Sunday, August 30, 2015

Library Visit: The Norfolk Library, Connecticut

I've visited three libraries in Connecticut that have taken my breath away: The Blackstone Memorial Library in Branford, the Mystic & Noank Library in Mystic, and now the Norfolk Library.

The other day I ventured up into the Northwest corner of Connecticut to visit an historic library (more on that library next month) and drove passed the Norfolk Library on the way home. "Oh, another library!" I said to the empty car. I almost considered driving on, but my curiosity got the better of me and I turned around.

The Norfolk Library was established by Isabella Eldridge as a memorial to her parents. It opened on March 6, 1889 and was designed by George Keller of Hartford. The Great Hall, back alcove, and additional stacks were added in 1911 and also designed by Keller.

Here are some pictures from my visit.

Street view.
Approaching the main entrance.
The main entrance.
The view to the right when you walk in. Notice the water bowl for 4-legged friends of the library to the right of the fireplace. I love that.
As I walked into the entrance room and toward the fireplace in the previous picture, I saw beautiful stained glass windows to my right, but when I turned to the left--whoa!--I was blown away by this gorgeous view of the main stacks. The two levels of red oak bookshelves are capped by a graceful barrel-vaulted ceiling. The room glimmers like a treasure chest.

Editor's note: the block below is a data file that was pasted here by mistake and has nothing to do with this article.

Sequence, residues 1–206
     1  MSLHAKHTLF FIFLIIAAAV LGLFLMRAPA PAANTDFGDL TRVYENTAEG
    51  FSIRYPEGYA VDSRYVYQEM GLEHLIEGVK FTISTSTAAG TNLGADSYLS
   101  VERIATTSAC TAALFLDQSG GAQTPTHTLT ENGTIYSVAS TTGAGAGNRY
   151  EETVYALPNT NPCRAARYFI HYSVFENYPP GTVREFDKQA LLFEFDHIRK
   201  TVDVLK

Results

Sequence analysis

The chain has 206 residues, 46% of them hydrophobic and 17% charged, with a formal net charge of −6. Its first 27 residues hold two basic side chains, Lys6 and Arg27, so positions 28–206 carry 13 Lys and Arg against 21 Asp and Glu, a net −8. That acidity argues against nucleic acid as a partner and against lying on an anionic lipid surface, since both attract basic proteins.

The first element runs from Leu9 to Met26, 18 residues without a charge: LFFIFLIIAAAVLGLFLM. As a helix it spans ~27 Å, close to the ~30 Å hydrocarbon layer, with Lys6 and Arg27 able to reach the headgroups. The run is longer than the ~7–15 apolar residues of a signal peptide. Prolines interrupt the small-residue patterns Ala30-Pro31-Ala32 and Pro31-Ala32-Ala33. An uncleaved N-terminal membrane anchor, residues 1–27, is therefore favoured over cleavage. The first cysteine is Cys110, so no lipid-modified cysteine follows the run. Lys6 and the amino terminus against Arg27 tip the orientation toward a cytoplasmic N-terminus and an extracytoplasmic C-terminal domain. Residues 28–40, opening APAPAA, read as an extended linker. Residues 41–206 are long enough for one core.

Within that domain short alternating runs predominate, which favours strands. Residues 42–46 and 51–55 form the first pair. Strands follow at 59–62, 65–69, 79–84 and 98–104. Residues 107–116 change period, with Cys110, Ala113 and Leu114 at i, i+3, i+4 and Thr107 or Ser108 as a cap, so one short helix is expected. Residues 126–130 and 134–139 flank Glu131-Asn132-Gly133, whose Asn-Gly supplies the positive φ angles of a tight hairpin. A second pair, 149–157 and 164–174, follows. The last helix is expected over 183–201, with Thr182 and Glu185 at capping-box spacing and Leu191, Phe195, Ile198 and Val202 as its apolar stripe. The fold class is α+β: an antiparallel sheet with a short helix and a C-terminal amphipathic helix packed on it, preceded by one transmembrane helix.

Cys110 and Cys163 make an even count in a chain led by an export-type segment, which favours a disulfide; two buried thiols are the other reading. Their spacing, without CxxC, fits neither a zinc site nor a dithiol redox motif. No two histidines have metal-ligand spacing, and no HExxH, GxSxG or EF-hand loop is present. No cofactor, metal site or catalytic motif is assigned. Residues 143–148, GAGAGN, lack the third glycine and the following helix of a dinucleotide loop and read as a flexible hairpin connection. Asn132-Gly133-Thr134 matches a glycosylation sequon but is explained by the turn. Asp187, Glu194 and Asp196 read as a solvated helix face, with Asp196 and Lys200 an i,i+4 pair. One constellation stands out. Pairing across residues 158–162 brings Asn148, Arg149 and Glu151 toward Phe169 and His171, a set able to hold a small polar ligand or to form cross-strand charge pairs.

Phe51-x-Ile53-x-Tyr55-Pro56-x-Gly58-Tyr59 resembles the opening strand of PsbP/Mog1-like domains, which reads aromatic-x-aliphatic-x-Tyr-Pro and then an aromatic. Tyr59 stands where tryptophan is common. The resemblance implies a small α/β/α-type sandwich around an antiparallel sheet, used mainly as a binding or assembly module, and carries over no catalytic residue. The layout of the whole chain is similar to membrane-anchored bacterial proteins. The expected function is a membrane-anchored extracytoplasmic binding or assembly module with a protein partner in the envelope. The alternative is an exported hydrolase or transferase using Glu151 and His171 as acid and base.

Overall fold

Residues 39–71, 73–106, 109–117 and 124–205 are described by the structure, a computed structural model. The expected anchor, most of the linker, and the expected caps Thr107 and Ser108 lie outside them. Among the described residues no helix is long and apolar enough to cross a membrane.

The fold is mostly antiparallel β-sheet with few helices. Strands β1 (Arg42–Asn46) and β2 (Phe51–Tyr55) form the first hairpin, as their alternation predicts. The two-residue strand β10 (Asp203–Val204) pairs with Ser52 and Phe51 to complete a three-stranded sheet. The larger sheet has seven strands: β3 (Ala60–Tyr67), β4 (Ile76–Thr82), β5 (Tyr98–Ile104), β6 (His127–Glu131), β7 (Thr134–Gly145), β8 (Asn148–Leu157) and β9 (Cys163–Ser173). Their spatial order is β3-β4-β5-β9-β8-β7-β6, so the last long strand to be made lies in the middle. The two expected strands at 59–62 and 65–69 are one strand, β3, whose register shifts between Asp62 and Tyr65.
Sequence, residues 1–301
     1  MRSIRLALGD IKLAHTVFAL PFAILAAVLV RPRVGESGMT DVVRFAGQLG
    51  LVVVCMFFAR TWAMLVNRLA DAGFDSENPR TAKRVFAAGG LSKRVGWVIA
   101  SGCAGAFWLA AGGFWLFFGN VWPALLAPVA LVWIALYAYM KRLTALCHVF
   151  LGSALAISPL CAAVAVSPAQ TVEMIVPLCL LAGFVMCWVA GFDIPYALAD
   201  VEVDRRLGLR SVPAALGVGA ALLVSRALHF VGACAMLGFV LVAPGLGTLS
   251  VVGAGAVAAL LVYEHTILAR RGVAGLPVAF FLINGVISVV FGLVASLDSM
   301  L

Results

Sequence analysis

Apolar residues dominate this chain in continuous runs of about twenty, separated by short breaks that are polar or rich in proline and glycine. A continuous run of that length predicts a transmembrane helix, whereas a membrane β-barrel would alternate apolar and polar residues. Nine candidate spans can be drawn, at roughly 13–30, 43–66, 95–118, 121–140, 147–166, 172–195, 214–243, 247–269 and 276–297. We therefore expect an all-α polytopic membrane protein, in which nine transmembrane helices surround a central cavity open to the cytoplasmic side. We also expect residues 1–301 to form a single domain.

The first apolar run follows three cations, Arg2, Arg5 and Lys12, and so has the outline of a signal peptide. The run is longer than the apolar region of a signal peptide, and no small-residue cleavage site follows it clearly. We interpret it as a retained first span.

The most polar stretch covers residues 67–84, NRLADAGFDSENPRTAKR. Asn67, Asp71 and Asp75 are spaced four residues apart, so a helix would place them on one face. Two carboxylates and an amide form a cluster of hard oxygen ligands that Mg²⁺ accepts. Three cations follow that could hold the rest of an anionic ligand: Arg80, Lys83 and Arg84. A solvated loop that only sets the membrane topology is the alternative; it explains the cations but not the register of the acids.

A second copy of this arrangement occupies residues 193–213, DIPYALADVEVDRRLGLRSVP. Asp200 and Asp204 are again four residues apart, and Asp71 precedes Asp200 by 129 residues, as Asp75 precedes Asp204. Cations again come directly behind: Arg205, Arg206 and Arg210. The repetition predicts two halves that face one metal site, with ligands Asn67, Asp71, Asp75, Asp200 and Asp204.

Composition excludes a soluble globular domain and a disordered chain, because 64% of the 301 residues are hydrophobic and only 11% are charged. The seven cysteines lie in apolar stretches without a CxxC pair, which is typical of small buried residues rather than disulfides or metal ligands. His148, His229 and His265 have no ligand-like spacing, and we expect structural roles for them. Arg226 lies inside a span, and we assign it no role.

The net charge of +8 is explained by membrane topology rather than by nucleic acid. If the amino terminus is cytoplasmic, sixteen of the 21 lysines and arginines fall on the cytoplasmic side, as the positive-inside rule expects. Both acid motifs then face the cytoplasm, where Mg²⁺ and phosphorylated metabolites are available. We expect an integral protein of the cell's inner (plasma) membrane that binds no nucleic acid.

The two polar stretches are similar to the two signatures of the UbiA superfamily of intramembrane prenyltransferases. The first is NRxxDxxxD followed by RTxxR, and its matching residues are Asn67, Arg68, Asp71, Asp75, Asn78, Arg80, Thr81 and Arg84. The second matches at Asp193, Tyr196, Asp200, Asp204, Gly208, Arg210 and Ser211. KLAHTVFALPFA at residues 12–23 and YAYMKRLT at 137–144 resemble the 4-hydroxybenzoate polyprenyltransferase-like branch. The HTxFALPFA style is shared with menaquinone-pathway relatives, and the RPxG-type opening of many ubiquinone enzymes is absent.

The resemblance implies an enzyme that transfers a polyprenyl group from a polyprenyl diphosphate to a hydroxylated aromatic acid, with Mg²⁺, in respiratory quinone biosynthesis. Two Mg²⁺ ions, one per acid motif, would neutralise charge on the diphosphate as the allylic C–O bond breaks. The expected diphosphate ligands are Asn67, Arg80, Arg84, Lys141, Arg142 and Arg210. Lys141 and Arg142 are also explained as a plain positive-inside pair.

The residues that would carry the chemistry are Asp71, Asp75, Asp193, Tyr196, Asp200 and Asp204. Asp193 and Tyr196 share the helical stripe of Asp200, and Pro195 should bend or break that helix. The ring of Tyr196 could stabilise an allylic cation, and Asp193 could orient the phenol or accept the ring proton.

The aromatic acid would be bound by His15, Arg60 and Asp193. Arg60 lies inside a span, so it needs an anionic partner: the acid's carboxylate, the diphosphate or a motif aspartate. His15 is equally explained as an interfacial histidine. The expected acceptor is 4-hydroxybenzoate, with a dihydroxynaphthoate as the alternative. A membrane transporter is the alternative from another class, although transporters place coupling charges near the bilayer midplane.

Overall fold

The circulation desk is to the immediate right in the photo above and it was there that I met Chris, the circulation librarian. I asked if the library was designed after the Trinity College library. I think Chris said that there's no documentation that it was, but the architect was from Ireland and may have been influenced by it. I think that's what he ears were a bit overpowered by my eyes.
Here's the view looking back toward the entrance. The circulation desk is to the far left and I believe the center portrait is of Isabella Eldridge, the library's founder.
Beautiful old cabinet, new books display.